The pest, however, can remain in the soil for more than 30 years. The potato pest may spread fast to other parts of the country because more than 90 per cent of potato growers in the country buy seed from neighbours.

    READ ALSO: KEPHIS introduces 52 new disease resistant potato varieties

    READ ALSO: Stick harvesting cuts potato losses

    READ ALSO: Canola extracts curb potato nematodes

    Many farmers in Nyandarua county also sell potato seeds to farmers in other parts of the country, increasing the possibility of rapid spread of the pest to other potato growing areas.

    Agricultural scientists and researchers blame importation of potato seeds as the root cause of the pest saying the imported seeds have the potential to introduce new diseases and pests.

    Kenya can only produce 2 per cent of the required certified potato seed, limited to this following the grabbing of land meant for research and potato seed multiplication, among other challenges.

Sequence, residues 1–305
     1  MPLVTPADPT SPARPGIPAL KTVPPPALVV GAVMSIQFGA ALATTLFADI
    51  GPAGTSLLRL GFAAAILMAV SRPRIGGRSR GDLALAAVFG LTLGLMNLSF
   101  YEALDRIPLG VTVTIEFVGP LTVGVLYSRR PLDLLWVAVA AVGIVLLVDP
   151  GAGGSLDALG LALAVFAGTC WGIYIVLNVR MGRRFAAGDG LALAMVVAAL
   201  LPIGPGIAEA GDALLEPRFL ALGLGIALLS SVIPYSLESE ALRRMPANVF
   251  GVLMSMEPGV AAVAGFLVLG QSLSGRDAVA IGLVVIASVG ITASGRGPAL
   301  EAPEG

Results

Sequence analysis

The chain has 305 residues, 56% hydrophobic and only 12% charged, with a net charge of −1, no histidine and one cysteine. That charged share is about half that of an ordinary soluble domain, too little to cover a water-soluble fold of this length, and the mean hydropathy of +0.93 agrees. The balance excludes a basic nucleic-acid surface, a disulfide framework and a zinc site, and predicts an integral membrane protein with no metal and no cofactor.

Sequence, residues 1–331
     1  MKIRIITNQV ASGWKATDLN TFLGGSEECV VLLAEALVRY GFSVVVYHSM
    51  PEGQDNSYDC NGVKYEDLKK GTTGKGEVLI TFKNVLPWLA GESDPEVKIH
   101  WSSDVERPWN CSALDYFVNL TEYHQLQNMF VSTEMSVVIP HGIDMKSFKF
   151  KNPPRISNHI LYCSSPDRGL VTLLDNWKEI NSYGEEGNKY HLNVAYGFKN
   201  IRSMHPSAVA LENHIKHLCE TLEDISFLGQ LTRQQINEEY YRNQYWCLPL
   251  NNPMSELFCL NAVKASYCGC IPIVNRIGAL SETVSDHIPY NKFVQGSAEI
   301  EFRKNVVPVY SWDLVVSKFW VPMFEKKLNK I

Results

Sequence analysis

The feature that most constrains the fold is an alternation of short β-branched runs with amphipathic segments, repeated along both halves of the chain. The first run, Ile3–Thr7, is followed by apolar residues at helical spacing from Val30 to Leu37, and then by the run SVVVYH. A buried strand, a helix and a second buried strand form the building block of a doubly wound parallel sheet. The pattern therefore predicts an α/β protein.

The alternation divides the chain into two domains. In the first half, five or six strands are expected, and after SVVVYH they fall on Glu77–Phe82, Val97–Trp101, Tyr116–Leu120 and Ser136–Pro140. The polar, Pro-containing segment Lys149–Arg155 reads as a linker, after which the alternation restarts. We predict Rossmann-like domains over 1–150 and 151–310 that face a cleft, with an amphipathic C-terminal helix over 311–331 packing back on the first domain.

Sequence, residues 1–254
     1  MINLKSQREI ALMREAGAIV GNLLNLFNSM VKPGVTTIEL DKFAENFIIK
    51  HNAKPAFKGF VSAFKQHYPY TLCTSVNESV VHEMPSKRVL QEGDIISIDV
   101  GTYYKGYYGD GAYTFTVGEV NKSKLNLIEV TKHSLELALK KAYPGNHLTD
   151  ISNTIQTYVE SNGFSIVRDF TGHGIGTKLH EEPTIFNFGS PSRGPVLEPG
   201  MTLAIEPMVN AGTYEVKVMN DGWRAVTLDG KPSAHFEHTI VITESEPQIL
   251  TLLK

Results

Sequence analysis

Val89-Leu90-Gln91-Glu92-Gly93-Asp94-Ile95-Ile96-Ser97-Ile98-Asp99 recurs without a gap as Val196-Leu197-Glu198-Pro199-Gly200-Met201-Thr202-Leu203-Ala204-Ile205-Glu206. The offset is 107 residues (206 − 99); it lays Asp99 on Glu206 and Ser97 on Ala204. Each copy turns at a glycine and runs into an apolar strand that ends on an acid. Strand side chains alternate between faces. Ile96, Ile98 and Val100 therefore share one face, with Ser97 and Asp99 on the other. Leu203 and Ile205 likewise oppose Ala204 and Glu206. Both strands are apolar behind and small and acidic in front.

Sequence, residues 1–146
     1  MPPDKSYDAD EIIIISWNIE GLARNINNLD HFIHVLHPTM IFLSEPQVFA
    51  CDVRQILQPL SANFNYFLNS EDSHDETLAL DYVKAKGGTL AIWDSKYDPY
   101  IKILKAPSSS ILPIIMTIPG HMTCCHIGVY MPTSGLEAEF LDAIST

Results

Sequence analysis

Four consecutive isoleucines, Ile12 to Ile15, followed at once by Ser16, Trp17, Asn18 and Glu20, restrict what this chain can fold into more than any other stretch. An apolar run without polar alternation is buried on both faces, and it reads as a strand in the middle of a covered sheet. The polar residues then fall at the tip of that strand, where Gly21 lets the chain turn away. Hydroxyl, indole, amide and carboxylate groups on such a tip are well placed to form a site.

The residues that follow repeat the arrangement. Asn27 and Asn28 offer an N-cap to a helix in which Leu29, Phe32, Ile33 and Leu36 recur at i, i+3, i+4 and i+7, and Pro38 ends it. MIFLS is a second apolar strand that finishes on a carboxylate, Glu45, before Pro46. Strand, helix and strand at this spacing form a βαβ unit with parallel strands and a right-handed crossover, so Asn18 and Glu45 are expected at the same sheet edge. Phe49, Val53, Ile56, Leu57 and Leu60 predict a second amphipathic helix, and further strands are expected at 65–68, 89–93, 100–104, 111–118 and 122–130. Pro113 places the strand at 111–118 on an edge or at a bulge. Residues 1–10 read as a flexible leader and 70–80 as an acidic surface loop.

Irish potatoes in the market, Coast Weekly.JPG

    Scientists at the Kenya Agricultural and Livestock Research Organisation (KALRO) have noted with concern that some varieties of potato seed had been imported into the country without stringent checks by the Kenya Plant Health Inspection Service (KEPHIS).

    These have the potential to introduce new diseases and pests into the country.

    Any seed variety imported into Kenya has to undergo screening and quarantine protocols. This is meant to ensure the seeds do not introduce diseases and pests that could affect potato production.

    In Africa, potato cyst nematodes have been reported in Northern African countries including Algeria, Egypt, Libya, Tunisia and Morocco (under quarantines). Other countries where the pest has been reported are Sierra Leone and South Africa where they are also controlled.